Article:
Where is the Money Going?

Here’s your guide for today to everything affecting your bills, bank account and bottom line.

H/T to The Hill

House and Senate to huddle on spending bills: The House and Senate have scheduled conference meetings for Thursday on two spending bill packages to limit a shutdown come October 1.

The first of the so-called “minibus” packages covers defense spending as well as the Labor, Health and Human Services and Education bill, which combined make up a large share of Congress’s annual spending.

The second package, which lawmakers hope to pass before the new fiscal year begins, includes Interior and Environment, Financial Services and General Government, Agriculture, and Transportation, Housing and Urban Development Appropriations.

The meeting mark progress toward the goal of resolving the differences between the chambers’ spending bills. The Hill’s Niv Elis tells us where things stand as we edge closer to the government funding deadline.



  • Congress must pass funding bills to cover 12 areas of spending each year, or pass a continuing resolution (CR) for those areas to keep current levels in place when the new fiscal year begins. Failure to do so results in a government shutdown.
  • Congress hopes to pass the 9 bills in three minibus packages alongside a CR for the three remaining bills. The latter include controversial items such as President Donald Trump’s proposed border wall.
  • Trump has threatened to veto spending bills if they do not fund the wall to his satisfaction, but also said that he does not favor a shutdown, which would take place just a month before November’s midterm elections.





Canada sounds optimistic tone on NAFTA talks: U.S. and Canadian trade negotiators on Tuesday resumed talks on the North American Free Trade Agreement (NAFTA) seeking breakthroughs on key issues.

Canadian Foreign Minister Chrystia Freeland said even though they didn’t meet, she talked to U.S. Trade Representative Robert Lighthizer over the weekend and that that talks continue to be productive between the two major trading partners.

Acknowledging the 17th anniversary of the events of Sept. 11, 2001, Freeland called it a “really significant day,” and said “above all it is important to pause today, to remember all of the people who died and all of their families in this horrific brutal attack.”

She said remembering this day helps to put into perspective the NAFTA negotiations, and the importance of the relationship between the U.S. and Canada.


Job openings hit record high 6.94 million: U.S. job openings in July surged to a record high while the number of people who quit their jobs rose to the highest level in 17 years, the Labor Department reported Tuesday.

The number of jobs to be filled increased by 117,000 to 6.94 million, from 6.82 million, in June, according to Job Openings and Labor Turnover Survey reports.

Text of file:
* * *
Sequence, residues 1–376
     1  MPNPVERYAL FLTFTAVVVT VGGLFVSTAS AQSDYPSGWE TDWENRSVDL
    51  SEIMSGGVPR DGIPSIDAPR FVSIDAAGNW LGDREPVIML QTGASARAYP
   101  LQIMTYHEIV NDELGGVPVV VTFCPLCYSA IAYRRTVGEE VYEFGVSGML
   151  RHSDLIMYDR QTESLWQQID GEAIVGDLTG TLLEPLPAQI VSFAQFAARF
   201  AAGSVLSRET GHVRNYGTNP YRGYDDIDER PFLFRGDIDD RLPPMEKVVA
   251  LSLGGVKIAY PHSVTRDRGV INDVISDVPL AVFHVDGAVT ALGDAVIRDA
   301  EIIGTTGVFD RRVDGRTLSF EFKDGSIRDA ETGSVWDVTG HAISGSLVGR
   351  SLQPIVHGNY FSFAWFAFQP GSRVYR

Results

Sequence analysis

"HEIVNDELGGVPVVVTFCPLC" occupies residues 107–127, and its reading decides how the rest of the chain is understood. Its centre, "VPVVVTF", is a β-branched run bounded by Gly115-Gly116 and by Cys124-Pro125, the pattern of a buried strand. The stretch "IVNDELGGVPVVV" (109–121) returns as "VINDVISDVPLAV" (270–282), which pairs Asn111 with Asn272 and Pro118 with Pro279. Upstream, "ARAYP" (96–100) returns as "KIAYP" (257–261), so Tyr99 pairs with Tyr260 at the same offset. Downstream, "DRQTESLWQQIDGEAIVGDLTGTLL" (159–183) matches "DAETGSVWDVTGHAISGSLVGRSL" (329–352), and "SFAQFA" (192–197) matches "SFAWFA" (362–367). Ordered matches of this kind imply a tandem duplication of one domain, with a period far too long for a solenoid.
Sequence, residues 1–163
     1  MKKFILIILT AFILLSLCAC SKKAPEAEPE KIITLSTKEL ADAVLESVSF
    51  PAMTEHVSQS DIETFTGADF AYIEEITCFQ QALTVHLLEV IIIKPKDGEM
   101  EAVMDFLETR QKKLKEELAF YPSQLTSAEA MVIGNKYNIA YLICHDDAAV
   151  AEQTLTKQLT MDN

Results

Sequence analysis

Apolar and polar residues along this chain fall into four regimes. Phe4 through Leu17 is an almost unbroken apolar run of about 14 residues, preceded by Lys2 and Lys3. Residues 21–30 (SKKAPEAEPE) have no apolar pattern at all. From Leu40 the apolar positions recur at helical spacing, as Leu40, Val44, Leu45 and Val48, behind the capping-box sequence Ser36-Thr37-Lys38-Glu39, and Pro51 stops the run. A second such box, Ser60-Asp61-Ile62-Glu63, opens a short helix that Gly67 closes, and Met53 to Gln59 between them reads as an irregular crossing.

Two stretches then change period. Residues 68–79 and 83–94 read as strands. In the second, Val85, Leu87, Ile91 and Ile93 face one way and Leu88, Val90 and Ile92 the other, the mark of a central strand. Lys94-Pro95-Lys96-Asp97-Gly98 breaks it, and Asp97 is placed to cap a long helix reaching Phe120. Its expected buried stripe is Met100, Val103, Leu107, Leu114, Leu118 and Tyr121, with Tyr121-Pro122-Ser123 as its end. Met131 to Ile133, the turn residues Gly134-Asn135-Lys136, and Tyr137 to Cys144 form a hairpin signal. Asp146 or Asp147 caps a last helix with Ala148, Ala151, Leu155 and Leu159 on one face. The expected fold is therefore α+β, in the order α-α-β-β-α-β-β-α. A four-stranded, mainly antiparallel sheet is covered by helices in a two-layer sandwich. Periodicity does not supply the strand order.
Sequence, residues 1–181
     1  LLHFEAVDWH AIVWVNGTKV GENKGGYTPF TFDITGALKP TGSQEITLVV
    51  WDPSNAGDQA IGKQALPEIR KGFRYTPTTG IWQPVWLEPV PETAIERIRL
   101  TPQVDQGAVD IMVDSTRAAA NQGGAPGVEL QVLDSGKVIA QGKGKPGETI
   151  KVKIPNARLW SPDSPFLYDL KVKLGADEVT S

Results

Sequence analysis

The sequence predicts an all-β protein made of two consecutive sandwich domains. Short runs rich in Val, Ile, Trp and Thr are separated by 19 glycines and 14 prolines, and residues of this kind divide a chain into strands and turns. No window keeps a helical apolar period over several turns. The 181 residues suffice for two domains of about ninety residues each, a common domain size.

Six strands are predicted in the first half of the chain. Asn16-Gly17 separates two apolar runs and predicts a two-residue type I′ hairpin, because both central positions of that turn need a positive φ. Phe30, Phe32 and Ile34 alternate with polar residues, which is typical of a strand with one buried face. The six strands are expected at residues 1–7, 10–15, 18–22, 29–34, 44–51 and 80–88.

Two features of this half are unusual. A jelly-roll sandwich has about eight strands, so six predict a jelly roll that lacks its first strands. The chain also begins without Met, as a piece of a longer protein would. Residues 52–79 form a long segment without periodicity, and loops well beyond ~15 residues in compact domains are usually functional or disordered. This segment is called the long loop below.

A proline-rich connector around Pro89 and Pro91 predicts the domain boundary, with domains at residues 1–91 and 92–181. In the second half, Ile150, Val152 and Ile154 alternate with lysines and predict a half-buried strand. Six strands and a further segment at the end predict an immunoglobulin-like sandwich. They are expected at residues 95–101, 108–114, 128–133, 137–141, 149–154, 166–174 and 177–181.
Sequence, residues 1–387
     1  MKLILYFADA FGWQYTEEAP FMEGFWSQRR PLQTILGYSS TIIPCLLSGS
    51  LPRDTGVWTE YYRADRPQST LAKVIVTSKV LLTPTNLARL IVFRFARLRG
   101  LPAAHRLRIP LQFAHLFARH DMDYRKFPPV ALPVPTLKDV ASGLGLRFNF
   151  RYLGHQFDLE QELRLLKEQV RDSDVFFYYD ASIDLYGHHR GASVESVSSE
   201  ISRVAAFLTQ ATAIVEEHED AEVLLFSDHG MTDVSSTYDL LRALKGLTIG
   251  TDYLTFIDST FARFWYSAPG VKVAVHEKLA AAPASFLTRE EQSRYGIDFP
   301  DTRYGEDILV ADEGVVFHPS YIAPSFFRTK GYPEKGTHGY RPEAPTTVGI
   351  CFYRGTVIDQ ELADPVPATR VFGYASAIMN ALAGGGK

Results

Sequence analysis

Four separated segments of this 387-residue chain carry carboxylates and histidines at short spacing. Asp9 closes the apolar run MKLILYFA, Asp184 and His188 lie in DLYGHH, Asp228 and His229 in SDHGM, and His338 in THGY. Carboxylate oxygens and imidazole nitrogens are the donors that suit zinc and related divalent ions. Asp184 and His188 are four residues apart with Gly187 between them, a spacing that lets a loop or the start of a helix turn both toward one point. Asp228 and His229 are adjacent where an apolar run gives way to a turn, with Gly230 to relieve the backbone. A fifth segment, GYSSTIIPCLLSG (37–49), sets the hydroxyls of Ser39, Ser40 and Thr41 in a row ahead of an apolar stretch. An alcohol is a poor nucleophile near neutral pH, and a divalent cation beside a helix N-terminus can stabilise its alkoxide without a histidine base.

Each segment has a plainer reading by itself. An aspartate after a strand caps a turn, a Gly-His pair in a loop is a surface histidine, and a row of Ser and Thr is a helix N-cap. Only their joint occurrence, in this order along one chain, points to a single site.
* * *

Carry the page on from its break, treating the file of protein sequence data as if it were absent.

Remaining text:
The quits rate rose to a 17-year high of 2.4 percent as 3.58 million Americans quit their jobs, a sign that workers are comfortable in their ability to find a new job.

“Workers are feeling more and more confident in this labor market,” said Nick Bunker, an economist at the Indeed Hiring Lab. The Hill’s Vicki Needham breaks down the numbers here.


Federal deficit soars 32 percent to $895B: The federal deficit hit $895 billion in the first 11 months of fiscal 2018, an increase of $222 billion, or 32 percent, over the same period the previous year, according to the Congressional Budget Office (CBO).

The nonpartisan CBO reported that the central drivers of the increasing deficit were the Republican tax law and the bipartisan agreement to increase spending. As a result, revenue only rose 1 percent, failing to keep up with a 7 percent surge in spending, it added.

Revenue from individual and payroll taxes was up some $105 billion, or 4 percent, while corporate taxes fell $71 billion, or 30 percent.

The August statistics were somewhat inflated, however, due to a timing shift for certain payments, putting the deficit measure through August slightly out of sync with the previous year, the CBO noted. Had it not been for the timing shift, the deficit would have increased $154 billion instead of $222 billion.

Budget hawk warns 'Tax Cuts 2.0.' would balloon debt




  • A federal judge ruled Tuesday that cryptocurrency offerings could be considered securities under U.S law, giving a boost to federal regulators who’ve pledged to crackdown on fraud in the virtual coin market.
  • More on the crypto front: Three of the largest cryptocurrency firms in the nation are forming their own lobbying group, according to Politico.

Fuel prices and shortages are rising as Hurricane Florence speeds to the U.S. coast, according to Reuters.

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